Genetic diversity and ecological relationships of marsh frog populations in Israel

E. Nevo, S. Y. Yang

Research output: Contribution to journalArticlepeer-review


Allozymic variation in proteins encoded by 28 loci was analyzed electrophoretically in 340 mostly adult specimens representing 11 populations, 8 central and 3 isolated, of aquatic marsh frogs, Rana ridibunda in Israel, along a north-south transect of generally increasing aridity. In addition, geographic variation in 3 morphological variables of 144 frogs and in vertebral stripe color polymorphism of 262 frogs were also studied. The results indicate that. (a) Of the 28 loci examined, 12 (= 43%) are largely monomorphic in all populations; out of the remaining loci, 6 were locally and weakly polymorphic and 10 regionally and strongly polymorphic. (b) No fixation of alternative alleles was found in any of the 28 loci and 11 populations studied. The commonest allele predominated across all populations, central as well as isolates, (c) Clinal patterns associated with increasing aridity southwards and eastwards occurred in polymorphism, P; heterozygosity, H; and in allele frequencies of Esterase-1, Xanthine dehydrogenase, Aldehyde oxidase and Albumin. (d) In the 3 estimates of genie variation, mean number of alleles per locus, A, mean proportion of polymorphic loci per population, P, and heterozygous loci per individual, H, marsh frogs displayed average estimates of genetic variation. The 3 estimates were: A =1.14 (range, 1.18-1.57); P = 0.33 (range, 0.14-0.54): H = 0.069 (range, 0.032-0.094). (e) Central populations harbored distinctly more genic variation than isolated populations. (f) Genic similarity between populations was high. (g) Significant deviations from Hardy-Weinberg equilibrium were found in 8 out of 11 populations involving 8 loci, (h) P, H, and allozymic variation in several gene loci were significantly correlated and predictable by environmental variables, primarily those related to water and temperature. (i) A significant amount of morphological variation was found between localities for body length, foot length, and weight in both sexes. Body weight in females was negatively correlated with temperature; and all three morphological variables in females were predicted significantly by a combination of temperature and humidity. (j) The three vertebral stripe color phenotypes, gray, green and red occurred in the following frequencies: 0.59, 0.24, 0.17, respectively. The red morph increased clinally southwards and was significantly correlated with most temperature and water variables. The geographic variation in both the green and red morphs was predicted significantly by climatic variables, both colors blending with local substrates. The spatial patterns and environmental correlates of genetic and morphological variation in Rana ridibunda in Israel suggest that (i) protein polymorphisms are at least partly adaptive and that part is moulded by natural selection rather than by stochastic processes or neutrality; (ii) the environmental variation model seems to be a good predictor of genetic variation in marsh frogs; (iii) body size varies adaptively, presumably determined primarily through thermoregulation; (iv) the spatial pattern of the color polymorphism seems to be adaptively selected by at least two factors: visual predation and climatic determinants.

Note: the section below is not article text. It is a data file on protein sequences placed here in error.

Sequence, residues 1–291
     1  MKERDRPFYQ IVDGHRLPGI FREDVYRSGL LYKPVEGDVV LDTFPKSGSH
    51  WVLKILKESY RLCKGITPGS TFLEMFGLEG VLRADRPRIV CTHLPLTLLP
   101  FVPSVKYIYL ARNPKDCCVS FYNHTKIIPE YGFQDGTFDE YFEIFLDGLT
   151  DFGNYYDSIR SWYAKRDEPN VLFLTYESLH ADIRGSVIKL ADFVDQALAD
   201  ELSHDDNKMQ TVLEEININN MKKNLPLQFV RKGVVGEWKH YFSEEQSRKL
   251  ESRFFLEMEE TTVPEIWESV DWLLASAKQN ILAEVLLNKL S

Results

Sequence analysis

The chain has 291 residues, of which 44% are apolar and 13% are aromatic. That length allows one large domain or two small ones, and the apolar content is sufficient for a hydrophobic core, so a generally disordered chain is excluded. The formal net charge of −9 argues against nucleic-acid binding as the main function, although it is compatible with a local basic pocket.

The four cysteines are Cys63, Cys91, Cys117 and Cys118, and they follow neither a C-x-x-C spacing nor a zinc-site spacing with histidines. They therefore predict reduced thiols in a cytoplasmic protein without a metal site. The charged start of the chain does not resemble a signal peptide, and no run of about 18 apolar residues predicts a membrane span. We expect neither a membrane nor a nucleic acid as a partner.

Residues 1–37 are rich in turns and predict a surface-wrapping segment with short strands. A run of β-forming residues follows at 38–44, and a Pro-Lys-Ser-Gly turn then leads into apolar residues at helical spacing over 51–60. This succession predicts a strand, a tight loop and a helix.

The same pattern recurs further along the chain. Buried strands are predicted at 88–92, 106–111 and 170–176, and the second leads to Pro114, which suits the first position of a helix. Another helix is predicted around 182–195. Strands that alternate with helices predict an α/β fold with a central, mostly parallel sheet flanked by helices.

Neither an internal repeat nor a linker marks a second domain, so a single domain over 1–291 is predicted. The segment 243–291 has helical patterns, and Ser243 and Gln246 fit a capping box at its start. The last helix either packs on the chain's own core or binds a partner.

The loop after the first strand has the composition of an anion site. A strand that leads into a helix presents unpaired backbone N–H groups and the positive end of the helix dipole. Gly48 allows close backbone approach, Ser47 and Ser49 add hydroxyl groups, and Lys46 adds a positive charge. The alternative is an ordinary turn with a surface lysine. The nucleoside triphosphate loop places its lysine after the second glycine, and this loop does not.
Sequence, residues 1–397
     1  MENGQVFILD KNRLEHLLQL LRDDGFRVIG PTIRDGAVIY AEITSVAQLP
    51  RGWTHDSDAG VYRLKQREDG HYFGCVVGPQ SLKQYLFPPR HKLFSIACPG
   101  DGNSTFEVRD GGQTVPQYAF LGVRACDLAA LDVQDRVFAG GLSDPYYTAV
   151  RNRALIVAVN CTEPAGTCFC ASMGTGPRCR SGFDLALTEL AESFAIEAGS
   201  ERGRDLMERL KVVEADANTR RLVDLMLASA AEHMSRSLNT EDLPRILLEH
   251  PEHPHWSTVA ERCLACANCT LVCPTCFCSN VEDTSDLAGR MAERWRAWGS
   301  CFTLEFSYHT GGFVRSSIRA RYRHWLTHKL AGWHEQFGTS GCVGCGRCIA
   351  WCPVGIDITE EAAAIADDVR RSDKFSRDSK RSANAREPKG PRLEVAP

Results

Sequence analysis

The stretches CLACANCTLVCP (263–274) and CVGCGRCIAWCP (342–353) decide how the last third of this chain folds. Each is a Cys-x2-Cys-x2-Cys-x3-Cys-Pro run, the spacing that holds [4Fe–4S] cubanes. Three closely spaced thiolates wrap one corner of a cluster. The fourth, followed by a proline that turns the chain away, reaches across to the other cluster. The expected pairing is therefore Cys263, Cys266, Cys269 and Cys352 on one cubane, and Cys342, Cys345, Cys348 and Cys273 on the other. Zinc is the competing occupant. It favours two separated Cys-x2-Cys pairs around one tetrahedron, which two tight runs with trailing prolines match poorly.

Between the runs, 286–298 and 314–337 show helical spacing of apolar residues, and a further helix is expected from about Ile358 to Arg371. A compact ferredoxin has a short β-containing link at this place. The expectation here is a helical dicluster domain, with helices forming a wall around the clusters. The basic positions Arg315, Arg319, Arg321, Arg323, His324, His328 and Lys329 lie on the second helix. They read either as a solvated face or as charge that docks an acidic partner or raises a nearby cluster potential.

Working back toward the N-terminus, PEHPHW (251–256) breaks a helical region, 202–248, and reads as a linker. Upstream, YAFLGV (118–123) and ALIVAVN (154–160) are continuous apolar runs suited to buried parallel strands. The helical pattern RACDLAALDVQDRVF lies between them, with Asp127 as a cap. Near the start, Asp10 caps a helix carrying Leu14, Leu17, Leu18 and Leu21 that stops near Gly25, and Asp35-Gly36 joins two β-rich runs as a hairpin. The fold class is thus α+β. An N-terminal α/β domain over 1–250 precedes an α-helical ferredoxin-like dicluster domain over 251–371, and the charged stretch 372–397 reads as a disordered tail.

Original languageEnglish
Pages (from-to)317-330
Number of pages14
JournalTheoretical And Applied Genetics
Issue number4
StatePublished - Dec 1982


  • Allozymic variation
  • Marsh frog
  • Protein polymorphism
  • Rana ridibunda
  • Spatial pattern

ASJC Scopus subject areas

  • Biotechnology
  • Agronomy and Crop Science
  • Genetics


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